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With a little help from my friends

I went to my friend Jerry's memorial this weekend. This is the kind of memorial I'm most comfortable with, someone's house, casual, barbecue, March Madness, drinks, pot, and plenty of friends to talk about the deceased with. I'm not normally a drinker or pot smoker but I've found they work well together at a memorial of someone who you will miss. It makes the stories easier to tell, and it makes you feel closer to those telling the other stories during a time when closeness is not something to push away but to embrace.

It was a strange mixture of people as 1/2 of us knew Jerry for over 20 years when we all met him at work, and the other 1/2 half knew him after he had left our common workplace. His good friend Joe Guggina  bridged the gap between both groups as he also met Jerry at the original work place. After they both left the company,  Jerry had worked for him the last 20 years, as they moved  Joe's computer business from place to place. 

Joe had had a tough month. His partner in his business for the last 10 years Bryon had liver cancer for a long time,  and had died earlier in the month. Several weeks ago he  was at this exact same house that we were doing Jerry's memorial when Jerry died. We all lose friends and family but Joe lost his good friend and partner,  and his best friend and co-worker within weeks of each other from cancer.  Joe and I have known each other for over 20 years and while we were never close  we have had some interesting times together.

Until I had left the 4+1 game early my biggest claim to fame to baseball stupidity involved Joe and one of the greatest playoff games ever played. Joe is an Irish/Italian from Boston who like many people back East came to California to seek his fortune and soon realized the West Coast is the best Coast.  Being a member of Red Sox Nation he scored some playoff tickets to the 5th game of the 86 playoffs. Joe, Roger, and myself went to the game as RedSox fans. We were out in the bleachers and getting heck from the Angel fans for most of the game. Down 5 - 2 in the 8th I'd had enough and since I'd driven solo I said good - bye and walked away from one of the greatest home runs in baseball history. Roger told me later that Joe was running up and down the steps and that the Angel fans were so shocked and discouraged they didn't even attempt to kill him.  I had known now what I knew then I'd have rooted for the Angels to win that game. Donnie Moore  should not have let one game define his career.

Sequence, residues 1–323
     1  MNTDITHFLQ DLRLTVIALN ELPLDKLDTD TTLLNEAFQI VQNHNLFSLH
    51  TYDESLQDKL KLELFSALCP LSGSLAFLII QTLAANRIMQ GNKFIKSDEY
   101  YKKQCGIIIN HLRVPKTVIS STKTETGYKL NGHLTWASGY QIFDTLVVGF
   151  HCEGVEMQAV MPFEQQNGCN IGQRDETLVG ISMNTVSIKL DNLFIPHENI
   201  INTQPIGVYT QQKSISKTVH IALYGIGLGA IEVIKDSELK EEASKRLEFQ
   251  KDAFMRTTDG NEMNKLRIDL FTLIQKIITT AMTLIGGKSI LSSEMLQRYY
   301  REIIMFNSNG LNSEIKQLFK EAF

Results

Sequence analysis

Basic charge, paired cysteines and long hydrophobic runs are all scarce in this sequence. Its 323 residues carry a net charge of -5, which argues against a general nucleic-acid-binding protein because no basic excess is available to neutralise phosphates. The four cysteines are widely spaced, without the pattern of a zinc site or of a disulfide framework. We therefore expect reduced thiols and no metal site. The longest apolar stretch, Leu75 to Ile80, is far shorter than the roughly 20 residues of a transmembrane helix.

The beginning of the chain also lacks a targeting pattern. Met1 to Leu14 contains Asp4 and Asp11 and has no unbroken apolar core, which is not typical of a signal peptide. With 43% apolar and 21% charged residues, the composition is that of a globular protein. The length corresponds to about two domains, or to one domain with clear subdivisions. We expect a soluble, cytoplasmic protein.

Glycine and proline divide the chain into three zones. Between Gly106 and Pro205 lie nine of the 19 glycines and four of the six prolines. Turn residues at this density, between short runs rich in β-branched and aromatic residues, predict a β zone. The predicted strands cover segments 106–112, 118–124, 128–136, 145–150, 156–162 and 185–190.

Anyway Joe put together the memorial for Jerry in Palm Springs because that was where they had run their business the longest, and all his friends were in the Southern California area.  He brought with him from Austin, Jerry's ashes, his lighter, his last cigarettes, his ratty UCLA hat, and the flag given to his family by the US Military for being a war veteran. His mom had been kind enough to let Joe bring the flag to the memorial. Since Jerry had died in Austin only Joe had been at the military service.  At the end of the evening we unfolded the flag, everyone gathered around it and took some pictures. We then had two vet's fold it back up just like you see on TV so that Joe could present it to his mom when he takes it to her in Wichita. Before he makes that trip, he'll take a visit to Yosemite and scatter Jerry's ashes where Jerry asked him to.

Jerry didn't believe in God and wasn't one to repent his atheism at the end of his sixty years of life. I didn't expect him to have much pull with the big guy, so even while he was being memorialized, his Bruins were being run of out Philly by Villanova, thus keeping us from crediting Jerry with any spiritual hoogla boogla. 

A lot of things will never be the same without Jerry to talk to.  March Madness was already losing some of the vibe, and my football pool is now missing another original. His team will stay (South Park Cows),  as others said, we can't let South Park Cows drop out of the league just because Jerry did.  By the end of the night I was less one friend, but I'd gained a few more and gotten back in touch with a few friends who I'd lost touch with. It wasn't a net gain but it was better then nothing, and sometimes at the end of the day like that, that will do just fine.

And just to show this has a little to do with the Dodgers. Jerry introduced me to Remo Melucci who now runs the Elephant Bars in Arizona. He's a baseball nut and sent me this photo of our fearless leader he took with Joe a few days ago.